Priory Road, Milford Haven, SA73 2EE
A plain Gothic structure of 1929 built on a loosely cruciform plan.
Milford Haven was developed from 1790, initially by Quakers as a whaling centre, then as a royal naval dockyard and commercial dock. In March 1843 The Tablet reported ‘pioneer work at Milford Haven’: ‘a missionary has been lately appointed to this place, for the benefit of the numerous Irish sailors putting in there, through stress of weather or other causes’. However there was no resident priest or Mass centre in the town until 1903, when the Rev. William Finucane arrived and built a small wooden and corrugated iron chapel. In 1912 his successor the Rev. Canon Richard Burke built a school alongside the church, now used as a parish hall. During the First World War a large number of Belgian refugees moved to the town. The present church was built in 1929 by the Rev. Evan Hope, to accommodate 350 people. Bishop Vaughan of Menevia laid the foundation stone in August 1929 and opened the completed church on 24 November in the same year. Canon Burke built the presbytery at the same time, its design ‘based on an ancient farmhouse in the Preseli Mountains’ (Llais).
The church is in a plain Gothic style and is cruciform on plan, comprising an aisleless nave with northwest and southwest porches, a northeast Lady Chapel, southwest sacristies and a short lower sanctuary. The walls are roughcast, the pitched roofs covered in slate. The gabled west end facing the road is divided into three bays by full height stepped buttresses which rise above the roofline. The central bay has a rectangular doorway and a large pointed window above with modern uPVC frames. The flanking bays have smaller pointed window openings, also with uPVC glazing. Both the main gable and the buttresses have moulded copings of what appears to be white glazed terracotta. The nave side walls are of four bays divided by plain buttresses. The west bays both have projecting porches with pitched roofs and moulded copings to the gables. The other bays have plain pointed windows with timber glazing bars. In the east bays the main roof is brought down over a chapel on the north side and sacristy on the south side. The short sanctuary has a large rose window in the east end wall.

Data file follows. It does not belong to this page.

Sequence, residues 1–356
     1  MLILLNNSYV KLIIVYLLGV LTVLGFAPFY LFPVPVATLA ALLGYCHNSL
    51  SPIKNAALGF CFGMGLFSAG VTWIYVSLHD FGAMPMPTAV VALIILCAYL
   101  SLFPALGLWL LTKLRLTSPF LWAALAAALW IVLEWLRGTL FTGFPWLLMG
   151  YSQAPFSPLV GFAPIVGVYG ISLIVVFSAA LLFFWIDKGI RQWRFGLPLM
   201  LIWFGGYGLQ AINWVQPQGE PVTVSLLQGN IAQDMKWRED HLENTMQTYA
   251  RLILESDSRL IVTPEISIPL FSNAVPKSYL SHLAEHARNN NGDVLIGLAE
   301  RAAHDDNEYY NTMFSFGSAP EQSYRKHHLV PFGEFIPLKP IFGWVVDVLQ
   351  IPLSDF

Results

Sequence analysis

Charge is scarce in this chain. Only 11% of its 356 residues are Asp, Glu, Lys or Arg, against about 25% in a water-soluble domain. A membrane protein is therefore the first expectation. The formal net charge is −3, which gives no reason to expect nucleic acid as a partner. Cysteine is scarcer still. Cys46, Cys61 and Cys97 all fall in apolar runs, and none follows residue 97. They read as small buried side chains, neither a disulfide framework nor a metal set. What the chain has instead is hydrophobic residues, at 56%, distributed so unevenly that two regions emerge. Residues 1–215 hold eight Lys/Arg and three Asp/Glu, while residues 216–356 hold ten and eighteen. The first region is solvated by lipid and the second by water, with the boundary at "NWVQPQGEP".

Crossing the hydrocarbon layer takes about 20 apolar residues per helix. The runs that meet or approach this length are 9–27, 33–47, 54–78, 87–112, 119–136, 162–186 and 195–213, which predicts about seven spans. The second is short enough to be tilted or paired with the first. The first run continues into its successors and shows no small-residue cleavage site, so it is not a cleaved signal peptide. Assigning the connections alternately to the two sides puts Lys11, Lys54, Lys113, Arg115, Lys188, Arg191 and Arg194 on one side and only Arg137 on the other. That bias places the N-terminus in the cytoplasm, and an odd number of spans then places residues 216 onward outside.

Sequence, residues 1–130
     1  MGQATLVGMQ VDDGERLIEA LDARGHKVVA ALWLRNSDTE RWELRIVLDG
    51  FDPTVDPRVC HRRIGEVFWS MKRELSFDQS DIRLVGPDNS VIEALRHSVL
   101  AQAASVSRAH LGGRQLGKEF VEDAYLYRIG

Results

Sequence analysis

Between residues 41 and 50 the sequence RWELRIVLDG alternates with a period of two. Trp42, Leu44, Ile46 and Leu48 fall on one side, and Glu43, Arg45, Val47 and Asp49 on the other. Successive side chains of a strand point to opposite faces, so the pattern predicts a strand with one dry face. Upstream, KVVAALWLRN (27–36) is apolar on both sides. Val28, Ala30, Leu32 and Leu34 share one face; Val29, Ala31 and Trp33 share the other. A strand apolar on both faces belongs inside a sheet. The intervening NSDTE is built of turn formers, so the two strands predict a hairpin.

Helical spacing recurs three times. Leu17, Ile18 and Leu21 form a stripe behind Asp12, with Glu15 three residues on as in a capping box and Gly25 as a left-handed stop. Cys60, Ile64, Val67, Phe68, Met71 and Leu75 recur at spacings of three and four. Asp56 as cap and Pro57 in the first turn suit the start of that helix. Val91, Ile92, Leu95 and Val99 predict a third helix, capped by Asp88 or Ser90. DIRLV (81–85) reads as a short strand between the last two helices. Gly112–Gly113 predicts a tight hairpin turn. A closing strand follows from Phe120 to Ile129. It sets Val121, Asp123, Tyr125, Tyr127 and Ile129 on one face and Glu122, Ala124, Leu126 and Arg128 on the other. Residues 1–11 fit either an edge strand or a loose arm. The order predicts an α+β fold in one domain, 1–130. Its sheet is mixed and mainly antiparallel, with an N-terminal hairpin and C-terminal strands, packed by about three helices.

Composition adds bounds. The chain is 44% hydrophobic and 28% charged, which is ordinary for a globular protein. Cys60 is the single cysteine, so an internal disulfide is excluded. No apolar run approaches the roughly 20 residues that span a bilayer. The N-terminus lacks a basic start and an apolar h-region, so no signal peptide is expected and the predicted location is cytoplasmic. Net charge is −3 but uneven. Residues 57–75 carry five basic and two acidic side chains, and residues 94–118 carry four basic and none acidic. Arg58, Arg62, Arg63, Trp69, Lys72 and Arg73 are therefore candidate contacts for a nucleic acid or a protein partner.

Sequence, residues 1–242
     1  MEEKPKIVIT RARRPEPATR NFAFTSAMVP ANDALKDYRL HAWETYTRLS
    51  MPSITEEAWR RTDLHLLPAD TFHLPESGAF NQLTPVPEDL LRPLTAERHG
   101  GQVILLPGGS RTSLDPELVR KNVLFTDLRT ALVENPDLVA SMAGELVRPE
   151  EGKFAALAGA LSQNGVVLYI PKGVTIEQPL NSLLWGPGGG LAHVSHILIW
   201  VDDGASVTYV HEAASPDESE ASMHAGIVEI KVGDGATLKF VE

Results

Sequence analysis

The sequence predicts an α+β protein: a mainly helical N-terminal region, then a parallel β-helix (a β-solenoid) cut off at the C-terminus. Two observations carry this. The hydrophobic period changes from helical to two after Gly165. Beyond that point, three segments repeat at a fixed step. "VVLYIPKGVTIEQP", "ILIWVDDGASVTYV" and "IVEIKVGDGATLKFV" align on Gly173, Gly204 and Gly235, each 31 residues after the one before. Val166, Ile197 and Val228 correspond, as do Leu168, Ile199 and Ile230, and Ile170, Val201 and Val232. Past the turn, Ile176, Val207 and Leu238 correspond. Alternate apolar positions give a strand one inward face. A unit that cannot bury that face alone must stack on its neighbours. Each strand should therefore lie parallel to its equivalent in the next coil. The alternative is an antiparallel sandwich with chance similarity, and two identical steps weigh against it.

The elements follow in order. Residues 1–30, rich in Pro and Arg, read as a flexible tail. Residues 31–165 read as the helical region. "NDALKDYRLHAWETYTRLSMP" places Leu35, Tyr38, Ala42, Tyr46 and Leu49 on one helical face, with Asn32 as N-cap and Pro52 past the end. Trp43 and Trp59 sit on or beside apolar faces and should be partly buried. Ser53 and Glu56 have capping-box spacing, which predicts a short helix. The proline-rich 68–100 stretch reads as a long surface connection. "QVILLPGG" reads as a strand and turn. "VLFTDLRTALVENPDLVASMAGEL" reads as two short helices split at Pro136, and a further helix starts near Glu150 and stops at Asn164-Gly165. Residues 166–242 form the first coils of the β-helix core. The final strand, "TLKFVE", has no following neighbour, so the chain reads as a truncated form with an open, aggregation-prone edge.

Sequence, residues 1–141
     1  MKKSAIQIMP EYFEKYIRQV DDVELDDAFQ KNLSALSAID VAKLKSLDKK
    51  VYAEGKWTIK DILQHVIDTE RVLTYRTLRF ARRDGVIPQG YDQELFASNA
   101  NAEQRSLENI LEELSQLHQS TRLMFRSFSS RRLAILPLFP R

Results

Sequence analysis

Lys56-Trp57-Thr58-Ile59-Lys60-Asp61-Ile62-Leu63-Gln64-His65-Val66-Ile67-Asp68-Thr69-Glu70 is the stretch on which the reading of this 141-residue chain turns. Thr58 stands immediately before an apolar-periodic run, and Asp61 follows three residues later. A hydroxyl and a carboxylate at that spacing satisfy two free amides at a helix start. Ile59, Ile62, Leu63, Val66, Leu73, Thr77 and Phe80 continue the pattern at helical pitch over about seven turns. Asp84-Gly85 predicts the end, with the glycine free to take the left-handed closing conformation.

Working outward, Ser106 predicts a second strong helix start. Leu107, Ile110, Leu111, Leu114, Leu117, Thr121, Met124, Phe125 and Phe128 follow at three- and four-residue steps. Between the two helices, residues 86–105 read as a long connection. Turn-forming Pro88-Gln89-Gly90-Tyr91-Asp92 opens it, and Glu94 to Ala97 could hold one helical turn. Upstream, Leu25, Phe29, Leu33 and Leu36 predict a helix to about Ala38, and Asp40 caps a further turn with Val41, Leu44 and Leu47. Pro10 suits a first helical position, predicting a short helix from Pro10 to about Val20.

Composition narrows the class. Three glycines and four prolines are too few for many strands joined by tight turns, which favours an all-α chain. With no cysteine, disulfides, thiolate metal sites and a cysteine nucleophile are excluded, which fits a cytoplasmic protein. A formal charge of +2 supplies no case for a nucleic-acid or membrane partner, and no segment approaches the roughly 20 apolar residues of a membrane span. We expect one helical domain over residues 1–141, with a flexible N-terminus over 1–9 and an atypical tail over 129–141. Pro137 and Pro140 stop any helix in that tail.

The nave interior has a carpeted and timber boarded floor, plain plastered walls and an open timber roof with boarded underside and the main trusses supported by curved braces brought down onto stone corbels in the side walls. At the west of the nave is a timber gallery. The nave windows all clear glazed. At the northeast end of the nave is a pointed arch to the small Lady Chapel. A larger pointed and plain chamfered arch leads to the sanctuary which has boarded roof with exposed purlins, pointed side windows and a rose window in the east end wall with the figure of Christ in modern stained glass. Furnishings include a modern stone altar and tabernacle stand, a small wooden war memorial plaque commemorating six parishioners who fell during the Great War, two of them Belgian refugees. The church also contains a marble plaque inscribed with the Beatitudes, a post-war thank offering from the refugees. The oak bench seating in the nave may be original.
Architect: Not established
Original Date: 1929
Conservation Area: No
Listed Grade: Not Listed